Because It Has Worked So Well To This Point
James Carville, a Democratic consultant who is usually wrong about everything manages to be wrong again. However, I have to admit to hoping Democrats and President Obama take his advice:
Contrary to what you might think, I am a proud member of the pro finger-pointing caucus. It wasn’t too long ago that my longtime colleague Paul Begala and I urged our friends on the other side of the aisle to engage early and often in the blame game.
Now it is the Democrats’ turn. Point fingers is exactly what Democrats have done following Republican Scott Brown’s surprise victory in Massachusetts, and the subsequent setback for healthcare reform .
The White House, Martha Coakley, the Massachusetts attorney-general, Celinda Lake, her pollster, congressional Democrats, the Democratic National Committee, Nancy Pelosi, the House Speaker, and Harry Reid, the Senate majority leader, are just a few of the circular firing squad that has sucked up every last breath in Washington this past week.
Democrats would not be playing the blame game with one another for the loss or for the healthcare debacle if they had only pointed fingers at those (or in this case, the one) who put Americans (and most of the world) in the predicament we’re in: George W. Bush.
Really? Pointing the finger at Bush is panacea for all that ails the Democrats?
Pretty simplistic pap, wouldn’t you say? Martha Coakley could have stood at a podium 24/7 and talked about the demon George Bush and how he’s laid us low, but that wouldn’t change the fact that the Democrats owned the pork laden stimulus bill, the latest bacon bonanza of a spending bill, the economy killing (and thankfully languishing) cap-and-trade bill and the health care reform monstrosity, would it?
Blaming Bush seems so wussy. Like the playground habit of pointing your finger at a playmate and claiming the situation in which you’re caught to be of his making. “He did it”. There’s a natural aversion to condoning that sort of blame shifting. It just doesn’t sit will with most people.
But Democrats, at least until recently, have believed the Carville route to the be one which would insulate them from criticism. Lay it on the previous guy and you will be covered. MA, NJ and VA give some glimmer as to how well that’s worked so far, don’t they? Some Democratic advisers are seeing that as a loser now:
Howard Wolfson, a senior official on Hillary Clinton’s campaign and veteran Democratic communications guru, noted that his party was able to run against Republican Herbert Hoover’s Depression-era presidency for 30 years.
“That doesn’t seem to be the case here,” he said.
Indeed it doesn’t. In fact, my guess is it tends to alienate voters because it is such a cheesy, infantile excuse. Most people understand that some of the troubles the country face didn’t happen under this administration’s watch. And they also understand they were “inherited”. But for heaven sake, does that have to be said each an every time you address a problem? If that’s not bad enough, how about trying to blame current problems that are indeed a result of Democratic policies on the previous administration? It is preposterous, tiresome and unworthy of an administration which would like to be considered seriously. How can you take seriously people who continually blame others and won’t take responsibility and ownership now that they’re in charge?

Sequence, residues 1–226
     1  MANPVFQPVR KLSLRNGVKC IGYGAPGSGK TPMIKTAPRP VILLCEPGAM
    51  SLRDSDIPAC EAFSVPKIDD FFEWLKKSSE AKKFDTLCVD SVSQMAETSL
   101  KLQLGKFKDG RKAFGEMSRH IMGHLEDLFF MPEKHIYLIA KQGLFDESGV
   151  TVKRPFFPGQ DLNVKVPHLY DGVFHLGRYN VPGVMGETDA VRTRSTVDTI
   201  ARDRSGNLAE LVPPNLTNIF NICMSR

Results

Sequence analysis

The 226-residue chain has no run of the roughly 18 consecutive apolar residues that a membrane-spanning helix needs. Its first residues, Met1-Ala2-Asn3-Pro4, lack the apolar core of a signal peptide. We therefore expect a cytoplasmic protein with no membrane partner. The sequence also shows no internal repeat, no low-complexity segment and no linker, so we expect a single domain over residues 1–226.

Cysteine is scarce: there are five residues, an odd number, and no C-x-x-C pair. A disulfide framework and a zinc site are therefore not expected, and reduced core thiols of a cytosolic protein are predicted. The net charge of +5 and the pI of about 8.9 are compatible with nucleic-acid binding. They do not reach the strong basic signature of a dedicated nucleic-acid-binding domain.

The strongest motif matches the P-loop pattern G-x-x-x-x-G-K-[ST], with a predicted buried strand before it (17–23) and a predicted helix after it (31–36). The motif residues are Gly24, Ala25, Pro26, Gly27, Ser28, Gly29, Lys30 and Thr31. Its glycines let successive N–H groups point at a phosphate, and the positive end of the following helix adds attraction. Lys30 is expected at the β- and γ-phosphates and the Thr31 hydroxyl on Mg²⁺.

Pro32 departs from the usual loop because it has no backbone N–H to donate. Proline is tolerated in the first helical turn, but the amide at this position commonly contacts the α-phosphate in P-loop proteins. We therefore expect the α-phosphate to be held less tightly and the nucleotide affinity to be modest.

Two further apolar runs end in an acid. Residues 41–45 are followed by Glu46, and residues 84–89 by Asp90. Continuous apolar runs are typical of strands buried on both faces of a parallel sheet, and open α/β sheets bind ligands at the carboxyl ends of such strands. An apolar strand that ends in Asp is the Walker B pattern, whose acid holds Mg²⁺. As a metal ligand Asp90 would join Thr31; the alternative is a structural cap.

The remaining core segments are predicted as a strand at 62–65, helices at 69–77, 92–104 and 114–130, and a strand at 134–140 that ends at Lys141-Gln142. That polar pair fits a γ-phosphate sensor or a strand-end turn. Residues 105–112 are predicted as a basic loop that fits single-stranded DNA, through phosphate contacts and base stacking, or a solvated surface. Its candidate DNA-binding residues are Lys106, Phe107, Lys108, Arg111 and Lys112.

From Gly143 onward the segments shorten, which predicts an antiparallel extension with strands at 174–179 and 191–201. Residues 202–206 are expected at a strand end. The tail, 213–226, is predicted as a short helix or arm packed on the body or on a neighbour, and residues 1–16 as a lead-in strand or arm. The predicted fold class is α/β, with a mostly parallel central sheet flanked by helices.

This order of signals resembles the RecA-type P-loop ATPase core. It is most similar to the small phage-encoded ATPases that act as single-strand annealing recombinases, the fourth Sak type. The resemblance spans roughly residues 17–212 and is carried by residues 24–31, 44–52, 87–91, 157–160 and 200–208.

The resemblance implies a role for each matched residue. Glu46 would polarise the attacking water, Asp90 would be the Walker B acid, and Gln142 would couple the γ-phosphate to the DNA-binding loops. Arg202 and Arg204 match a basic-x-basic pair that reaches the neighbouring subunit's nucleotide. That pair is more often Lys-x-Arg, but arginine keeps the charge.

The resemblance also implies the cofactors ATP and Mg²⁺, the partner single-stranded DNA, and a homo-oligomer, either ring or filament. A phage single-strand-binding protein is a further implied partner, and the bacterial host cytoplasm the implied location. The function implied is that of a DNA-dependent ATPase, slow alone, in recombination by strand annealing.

“Voters are pretty tired of the blame game,” said longtime Democratic strategist Steve Hildebrand, a top aide on Obama’s presidential campaign. “What a stupid strategy that was.”
“Was?” According to Carville, it should be an “is” strategy. And to an extent he’s right, although he doesn’t make the clear in his advice. How can “blame Bush” card be effectively played? Very selectively in relevant elections – but certainly not as a wild card for everything.
“It’s got to be highly relevant,” said pollster Joel Benenson. “It has to be done in a way that’s not gratuitous and on issues that affect people’s lives. You can’t just brandish [Bush’s image] and wave it like a pennant.”
“Voters are smart about this,” added pollster Geoff Garin. “There’s got to be some credible relationship, either in terms of how they voted or [in terms of] specific policies that they’re supporting now.”
It’s not, Garin continued, one size fits all, but for some GOP candidates, the line of attack still carries some promise. He cited Rep. Roy Blunt, a House majority whip in the Bush years who is now running for a Missouri Senate seat, and former Rep. Rob Portman, who served as Bush’s budget director and is now running for the Senate in Ohio.
“Those people were really present at the creation, and making the case against them as helping to create the Bush economy is still very powerful,” Garin said.
Those two cases are two in which the “blame Bush” card might have some relevance. But my guess is it would have a very limited effect. Bush is gone, and frankly, Obama has some voters pining for him. In effect, depending on how the Obama presidency proceeds, it could end up backfiring on those who use it, even in relevant cases. It is the “now” that voters concern themselves with. That means they relate their condition to who is in charge now as well. Most are going to consider the blame game a pretty poor attempt to divert attention rather than facing the problems at hand. And voters rarely reward those they think are avoiding the issues via distraction.
So despite saying how lame I think Carville’s advice is, I have to hope the heck the Democrats heed it and double down on the blame Bush strategy. It will drive independents crazy and into the arms of the GOP faster than “Pants on the Ground” went viral.
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